This post links to Bob Fiddaman’s Forty Winks last week.
Insomnia is one of our all time biggest problems. We all need Kind Nature’s Chief Restorer to knit up the ravelled sleeve of care. There is all sorts of health advice out there about how you owe it to yourself to get a good nights sleep, that its dangerous not to, and that whatever is today’s hypnotic of choice is a lot safer than the pills like Doriden we used to use but now recognize as dangerous.
Today is no different to the 1950s – perhaps even worse. Turning to one of today’s pills can make the original problem a lot worse.
Katinka Newman’s book The Pill that Steals Lives brings out how stress leading to a poor sleep can lead to a pill that triggers an earthquake – volcano – avalanche – pick your word for something that sweeps the person away.
The disaster that struck her once she figured on helping herself by getting something to help her sleep to tide her over a stressful situation comes through very clearly also in a compelling Medicating Normal Interview she gave recently.
Miranda Levy’s Insomnia Diaries tells a very similar story of a very normal, more competent than average woman, having a Descent into Pills – something to rival Dante’s Descent into Hell.
Another book telling this story all too well is Laurie Oakley’s Crazy and It Was, which outlines a similar dynamic and in particular how doctors are almost completely blind to the havoc they are causing. This led to a further series of 5 posts by Laurie in January and February 2016 on Pharmaceutical Rape.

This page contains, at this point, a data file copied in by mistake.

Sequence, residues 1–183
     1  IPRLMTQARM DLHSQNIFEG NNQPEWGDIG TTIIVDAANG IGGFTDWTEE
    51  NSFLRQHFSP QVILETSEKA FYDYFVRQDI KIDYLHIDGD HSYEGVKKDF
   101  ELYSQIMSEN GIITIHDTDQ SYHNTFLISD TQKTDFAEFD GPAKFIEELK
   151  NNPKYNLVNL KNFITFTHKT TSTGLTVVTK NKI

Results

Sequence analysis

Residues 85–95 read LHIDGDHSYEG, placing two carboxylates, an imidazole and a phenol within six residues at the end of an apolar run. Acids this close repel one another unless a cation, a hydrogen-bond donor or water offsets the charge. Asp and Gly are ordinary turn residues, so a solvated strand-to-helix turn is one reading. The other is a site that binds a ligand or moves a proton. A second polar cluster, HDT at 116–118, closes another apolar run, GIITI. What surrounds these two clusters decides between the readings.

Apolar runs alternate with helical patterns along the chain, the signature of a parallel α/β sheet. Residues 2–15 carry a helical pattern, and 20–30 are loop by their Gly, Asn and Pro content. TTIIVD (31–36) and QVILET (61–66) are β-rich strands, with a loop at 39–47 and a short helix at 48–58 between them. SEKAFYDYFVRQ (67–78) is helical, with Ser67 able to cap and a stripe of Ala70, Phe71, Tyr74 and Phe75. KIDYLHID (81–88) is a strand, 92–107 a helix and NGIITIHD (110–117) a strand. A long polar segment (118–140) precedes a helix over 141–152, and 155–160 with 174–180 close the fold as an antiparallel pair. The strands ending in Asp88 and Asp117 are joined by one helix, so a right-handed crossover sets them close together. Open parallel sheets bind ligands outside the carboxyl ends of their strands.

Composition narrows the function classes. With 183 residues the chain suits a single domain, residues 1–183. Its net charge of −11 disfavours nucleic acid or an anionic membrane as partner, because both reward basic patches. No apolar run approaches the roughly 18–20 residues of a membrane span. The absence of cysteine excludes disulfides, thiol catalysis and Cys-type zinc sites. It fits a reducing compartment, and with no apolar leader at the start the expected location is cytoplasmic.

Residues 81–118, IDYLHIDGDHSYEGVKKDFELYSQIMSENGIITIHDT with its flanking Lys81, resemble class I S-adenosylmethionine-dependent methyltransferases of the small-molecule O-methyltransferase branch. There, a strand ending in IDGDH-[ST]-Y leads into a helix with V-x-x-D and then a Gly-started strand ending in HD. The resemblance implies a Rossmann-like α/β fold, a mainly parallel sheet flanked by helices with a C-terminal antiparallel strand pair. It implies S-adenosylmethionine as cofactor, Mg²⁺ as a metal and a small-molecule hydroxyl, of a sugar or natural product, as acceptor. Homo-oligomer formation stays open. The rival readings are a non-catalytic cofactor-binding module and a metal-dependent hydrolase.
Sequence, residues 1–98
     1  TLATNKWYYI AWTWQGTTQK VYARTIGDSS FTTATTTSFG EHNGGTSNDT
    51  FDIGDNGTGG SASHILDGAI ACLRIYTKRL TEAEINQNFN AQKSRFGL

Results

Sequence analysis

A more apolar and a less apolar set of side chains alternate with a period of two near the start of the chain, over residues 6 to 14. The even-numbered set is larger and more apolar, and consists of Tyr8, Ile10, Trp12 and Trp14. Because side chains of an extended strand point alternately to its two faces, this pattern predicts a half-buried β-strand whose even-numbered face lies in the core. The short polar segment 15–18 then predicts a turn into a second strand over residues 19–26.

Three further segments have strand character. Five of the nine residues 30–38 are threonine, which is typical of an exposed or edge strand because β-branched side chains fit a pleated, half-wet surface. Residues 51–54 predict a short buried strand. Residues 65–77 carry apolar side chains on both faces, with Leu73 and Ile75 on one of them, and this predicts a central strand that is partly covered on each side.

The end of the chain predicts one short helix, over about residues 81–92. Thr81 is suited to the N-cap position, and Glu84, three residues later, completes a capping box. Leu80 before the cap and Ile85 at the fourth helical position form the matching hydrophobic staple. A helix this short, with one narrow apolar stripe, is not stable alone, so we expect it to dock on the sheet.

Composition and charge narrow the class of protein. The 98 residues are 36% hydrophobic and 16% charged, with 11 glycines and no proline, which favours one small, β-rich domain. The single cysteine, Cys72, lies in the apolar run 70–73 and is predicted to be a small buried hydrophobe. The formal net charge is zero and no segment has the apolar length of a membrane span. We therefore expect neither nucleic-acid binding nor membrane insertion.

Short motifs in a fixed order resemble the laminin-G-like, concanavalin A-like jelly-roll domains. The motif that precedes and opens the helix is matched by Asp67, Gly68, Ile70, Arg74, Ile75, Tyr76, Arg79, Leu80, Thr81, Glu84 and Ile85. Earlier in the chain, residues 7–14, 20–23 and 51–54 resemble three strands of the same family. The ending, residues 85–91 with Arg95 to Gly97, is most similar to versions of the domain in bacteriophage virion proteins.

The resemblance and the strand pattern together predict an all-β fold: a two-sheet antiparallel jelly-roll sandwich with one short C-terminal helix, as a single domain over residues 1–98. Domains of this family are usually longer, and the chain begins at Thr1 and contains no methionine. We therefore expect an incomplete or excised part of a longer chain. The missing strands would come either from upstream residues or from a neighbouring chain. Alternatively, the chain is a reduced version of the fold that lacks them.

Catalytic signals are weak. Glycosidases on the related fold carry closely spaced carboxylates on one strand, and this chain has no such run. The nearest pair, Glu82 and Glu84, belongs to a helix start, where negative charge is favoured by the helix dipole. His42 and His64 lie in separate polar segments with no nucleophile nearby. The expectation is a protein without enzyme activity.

Several of the compelling narratives in Medicating Normal begin from the same point – normal people who have had a sleep problem which is rabbit-hole through which they slip, like Alice, into a crazy underworld.
Its normal to have broken sleep with stress. Its also common for a lot of women to have broken sleep in their fifties – perhaps caused by a changing physiology or perhaps linked to taking stock of a life. (It’s easier blame hormones). An innocent sleeping pill taken for a few days looks like it will be and often will be no worse for many than having a drink.
Katinka and Miranda’s cases though bring out that even this simple and seemingly harmless move has an element of roulette linked to it.
Taken for longer than a few days the problems really start. A doctor may want to change you over to something that is not habit-forming like an antidepressant, an SSRI in all probability or perhaps a sedative antidepressant like Mirtazapine – Remeron, Trazodone, or to Quetiapine – Seroquel.
Or if you have been put on a short acting hypnotic like Zopiclone, or Zolpidem you may tell her/him you are falling asleep quite well but not staying asleep and s/he may add something in to help with this. Always adding.
Many doctors are now petrified to prescribe benzodiazepines – these include the Z-drugs used as hypnotics. The guidelines tell them not to give them for more than four weeks. Many doctors dish out opioids a lot more freely than they given benzos and figure Benzos are more dangerous than Heroin.
They have been told that poor sleep is a cardinal symptom of depression and have been encouraged to treat the underlying problem rather than the superficial symptoms of insomnia or anxiety.
This led Don Schell’s doctor to give him paroxetine, when he came complaining about poor sleep. Forty eight hours later he put three bullets through the head of his wife, his daughter and his grand-daughter before killing himself.